Strolling the small alleys of Certaldo, it’s easy to feel transported back to the time when none other than the author of the Decameron, Giovanni Boccaccio, walked the streets of this little medieval village in the heart of the Valdelsa, between Florence and Siena.
Ideal base for exploring major Tuscan attractions like nearby San Gimignano and the Chianti area, Certaldo, entirely built of red bricks and in part still surrounded by walls, shares the beauty of its most famous neighbors, but not the crowds, making it an off-the-beaten-track destination.
Positioned at the top of a hill overlooking the lush valley below, Certaldo can be reached either on foot, climbing up the steep ancient Costa Alberti or Costa Vecchia streets, or by taking the funicular, which connects Certaldo Bassa, the modern town that has developed at the foot of the hill, to Certaldo Alta, in just a couple of minutes.
[Photo: view of Certaldo and Via Boccaccio from the rooftop terrace of Boccaccio's House.]
In medieval villages, the heart of town, where the main authorities of the time - political, judiciary, economic and religious - were represented, was the piazza; but because Certaldo rests on a hill with an irregular shape, no central square could be built there, so the main road traversing the village, now called Via Boccaccio in honor of the little town’s most illustrious son, served the function of the piazza.
In fact, along Via Boccaccio are some of Certaldo’s most significant buildings, including Palazzo Pretorio, the Church of Saints Jacopo and Filippo, the Logge del Mercato (marketplace buildings) and Boccaccio’s House, as well as several ancient noble houses, like the 14th century Palazzo Stiozzi Ridolfi, Palazzo Giannozzi and the casa-torre (house in the shape of a tower) Palazzo Machiavelli. Due to its strategic position along the Via Francigena, Certaldo soon became an important trade route and was home to several families of notable merchants, like those of the Machiavelli and Arena, besides Boccaccio’s own family.
Considered one of the most significant figures in Italian literature, Boccaccio was born in Certaldo in 1313, the son of a Florentine merchant, Messer Boccaccio di Chellino, and a French noblewoman, most likely out of wedlock – or so the legend goes: the details of his birth are uncertain.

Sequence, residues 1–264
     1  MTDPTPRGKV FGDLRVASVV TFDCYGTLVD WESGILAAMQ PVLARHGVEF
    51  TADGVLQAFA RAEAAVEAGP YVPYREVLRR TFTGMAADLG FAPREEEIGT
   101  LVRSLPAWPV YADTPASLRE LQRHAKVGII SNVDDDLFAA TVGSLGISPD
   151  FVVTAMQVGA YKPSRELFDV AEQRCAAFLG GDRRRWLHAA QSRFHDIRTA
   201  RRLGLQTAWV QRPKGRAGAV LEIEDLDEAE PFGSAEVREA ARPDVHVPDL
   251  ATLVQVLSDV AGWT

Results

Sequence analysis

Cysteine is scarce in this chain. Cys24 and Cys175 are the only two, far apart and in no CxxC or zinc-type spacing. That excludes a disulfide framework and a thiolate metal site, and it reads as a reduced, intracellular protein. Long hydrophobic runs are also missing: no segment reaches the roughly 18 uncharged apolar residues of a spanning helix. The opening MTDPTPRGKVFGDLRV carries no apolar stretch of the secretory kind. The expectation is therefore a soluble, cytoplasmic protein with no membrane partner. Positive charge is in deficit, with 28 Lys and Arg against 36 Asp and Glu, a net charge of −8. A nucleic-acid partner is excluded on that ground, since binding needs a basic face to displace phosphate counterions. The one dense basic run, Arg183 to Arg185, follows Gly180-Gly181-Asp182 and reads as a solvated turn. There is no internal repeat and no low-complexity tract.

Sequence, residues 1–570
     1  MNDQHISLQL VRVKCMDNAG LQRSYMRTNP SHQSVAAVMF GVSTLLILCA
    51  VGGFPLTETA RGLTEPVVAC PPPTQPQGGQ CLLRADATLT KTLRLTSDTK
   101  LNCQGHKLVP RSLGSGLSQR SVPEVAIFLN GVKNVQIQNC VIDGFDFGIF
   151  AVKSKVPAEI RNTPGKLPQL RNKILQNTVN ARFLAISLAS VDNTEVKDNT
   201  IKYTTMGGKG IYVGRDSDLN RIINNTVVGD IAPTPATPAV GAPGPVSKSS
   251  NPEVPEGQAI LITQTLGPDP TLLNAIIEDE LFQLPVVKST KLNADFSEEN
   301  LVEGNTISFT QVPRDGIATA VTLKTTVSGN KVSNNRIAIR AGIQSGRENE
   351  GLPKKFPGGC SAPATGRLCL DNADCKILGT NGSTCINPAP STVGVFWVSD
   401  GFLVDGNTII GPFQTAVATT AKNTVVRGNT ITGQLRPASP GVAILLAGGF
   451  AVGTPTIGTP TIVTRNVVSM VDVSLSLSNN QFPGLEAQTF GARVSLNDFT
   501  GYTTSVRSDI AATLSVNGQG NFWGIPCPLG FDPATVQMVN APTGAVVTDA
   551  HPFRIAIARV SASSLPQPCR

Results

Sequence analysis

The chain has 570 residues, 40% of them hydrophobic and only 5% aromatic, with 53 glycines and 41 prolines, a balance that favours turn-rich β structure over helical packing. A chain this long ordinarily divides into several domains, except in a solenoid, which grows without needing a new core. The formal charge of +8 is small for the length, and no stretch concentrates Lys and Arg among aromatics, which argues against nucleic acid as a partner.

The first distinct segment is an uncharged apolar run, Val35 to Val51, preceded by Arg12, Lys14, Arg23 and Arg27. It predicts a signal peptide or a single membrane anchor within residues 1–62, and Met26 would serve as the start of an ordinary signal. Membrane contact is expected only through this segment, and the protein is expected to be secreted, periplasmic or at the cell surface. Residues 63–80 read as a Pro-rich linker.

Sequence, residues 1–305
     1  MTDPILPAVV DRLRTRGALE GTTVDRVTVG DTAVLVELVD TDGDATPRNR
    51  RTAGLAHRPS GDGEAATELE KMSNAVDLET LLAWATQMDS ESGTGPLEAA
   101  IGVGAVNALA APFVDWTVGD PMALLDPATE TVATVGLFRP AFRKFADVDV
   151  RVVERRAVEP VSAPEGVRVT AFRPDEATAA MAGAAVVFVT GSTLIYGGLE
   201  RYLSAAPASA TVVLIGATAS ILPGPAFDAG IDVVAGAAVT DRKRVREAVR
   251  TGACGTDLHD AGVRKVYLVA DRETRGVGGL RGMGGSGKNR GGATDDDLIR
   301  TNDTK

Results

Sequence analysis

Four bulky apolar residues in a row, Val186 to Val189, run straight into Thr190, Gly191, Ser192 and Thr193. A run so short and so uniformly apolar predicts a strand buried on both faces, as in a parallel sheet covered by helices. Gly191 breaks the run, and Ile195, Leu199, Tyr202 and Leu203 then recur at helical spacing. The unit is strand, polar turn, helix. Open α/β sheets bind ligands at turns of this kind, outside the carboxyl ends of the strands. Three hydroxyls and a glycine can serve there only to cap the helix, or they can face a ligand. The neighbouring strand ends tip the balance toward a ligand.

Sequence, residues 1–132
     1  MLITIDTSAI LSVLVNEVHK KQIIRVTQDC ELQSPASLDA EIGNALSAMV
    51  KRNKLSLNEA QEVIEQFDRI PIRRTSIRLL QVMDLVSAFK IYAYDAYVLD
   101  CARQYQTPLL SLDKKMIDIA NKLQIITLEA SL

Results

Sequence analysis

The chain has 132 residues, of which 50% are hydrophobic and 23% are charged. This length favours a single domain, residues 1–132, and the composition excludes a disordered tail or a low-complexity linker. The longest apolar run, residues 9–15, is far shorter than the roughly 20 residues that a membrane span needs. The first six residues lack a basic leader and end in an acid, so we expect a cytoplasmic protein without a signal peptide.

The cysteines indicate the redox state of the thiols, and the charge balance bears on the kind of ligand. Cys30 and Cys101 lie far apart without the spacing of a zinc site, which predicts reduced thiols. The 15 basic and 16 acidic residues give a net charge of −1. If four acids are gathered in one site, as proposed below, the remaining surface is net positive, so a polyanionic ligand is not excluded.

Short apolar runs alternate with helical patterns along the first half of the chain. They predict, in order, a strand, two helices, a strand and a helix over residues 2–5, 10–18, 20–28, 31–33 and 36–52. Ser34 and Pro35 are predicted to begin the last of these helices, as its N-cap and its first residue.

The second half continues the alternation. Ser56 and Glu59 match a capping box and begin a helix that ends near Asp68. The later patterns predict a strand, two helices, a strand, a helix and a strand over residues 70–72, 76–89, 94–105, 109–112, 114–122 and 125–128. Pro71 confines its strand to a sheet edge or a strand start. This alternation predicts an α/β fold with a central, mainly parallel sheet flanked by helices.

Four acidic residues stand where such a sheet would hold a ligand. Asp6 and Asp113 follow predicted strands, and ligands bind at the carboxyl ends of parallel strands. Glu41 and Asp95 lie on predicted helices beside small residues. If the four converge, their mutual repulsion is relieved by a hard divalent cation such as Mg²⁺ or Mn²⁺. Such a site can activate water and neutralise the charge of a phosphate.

[Photo: Certaldo's main road, Via Boccaccio.]
The author and poet returned and lived in Certaldo several times during his lifetime; halfway through Via Boccaccio is the house where he resided (and died in 1375). It is a faithful reconstruction of the original, which was destroyed by a bomb during World War II. The house, which today is a museum, hosts a library dedicated to the life and works of Boccaccio. The interesting museum develops on several levels: of particular interest is “la stanza del Poeta” (room of the poet), with objects and furniture from the 17th century, a display of rare 14th century shoes found during restoration following the bombing, and a large 1826 painting by Pietro Benvenuti, portraying Boccaccio at his desk. Walking all the way up to the rooftop terrace will reward you with a 360° view of the red-brick borgo and the verdant Valdelsa.
Along Via Boccaccio is also the Church of Saints Jacopo and Filippo, where, in the center, is the tomb of Boccaccio covered by a bas relief depicting the poet.
[Photo: the facade of Palazzo Pretorio with the colorful emblems of the Florentine governors' families.]
Certaldo’s “golden age” began in 1415, when it became the seat of the Vicariato, the political and judiciary center for Valdelsa, Val di Pesa and Valdarno under the Florentine Republic and later the Medici. Statement to this is the 12th century Palazzo Pretorio, located right at the end of Via Boccaccio, at the top of the hill. Originally a private residence, it housed the local government, the feared courthouse, the prisons, and the residence of the Vicari, who had full powers over the life and death of the people they controlled. The colorful coats of terracotta and marble belonging to the different families who lived and governed there are still on display on the façade and inside. An exploration of the palace makes for a very evocative visit, especially when entering the prisons (male and female) and the judicial hearing room (the waiting room next to it has inscriptions from those waiting to be judged).
A visit to Certaldo could end by taking Via del Rivellino, Certaldo’s second most important street (to the right of Palazzo Pretorio when standing in front of it), to the Porta del Rivellino, one of the three remaining gates to the town and the most fortified because, right in front of it, was the bordering Republic of Siena – the enemy. From here, looking at the panoramic view of the surrounding valley and back toward the towers and palaces that form the background for Certaldo, you can almost picture Boccaccio and his fellow citizens in the Middle Ages going about their business.
[Photo: Porta del Rivellino, one of the three remaining gates.]
Where to eat
Do not leave Certaldo without trying one of the excellent local restaurants!
Ristorante L’Antica Fonte, Via Valdracca 25 – beautiful panoramic terrace, great atmosphere, great food, from handmade pasta, to cheese and salumi platters to bruschetta (try the one with the famous Cipolla di Certaldo (Certaldo's onion).
Osteria del Vicario, Via Rivellino 3. Housed in a former 13th century monastery, it features an outside courtyard where you can admire the Tuscan countryside while dining on local specialties like the excellent Pici all’aglione.
How to get there
Certaldo is 47 km south-west of Florence. From Florence on the A1, exit Firenze Signa, then take the superstrada Pisa-Livorno, exit Empoli Ovest, take S429 direction Siena.
Save money! The Sistema Museale Certaldo offers the chance to buy one entrance ticket for both the Casa del Boccaccio and Palazzo Pretorio for the price of 4 euros.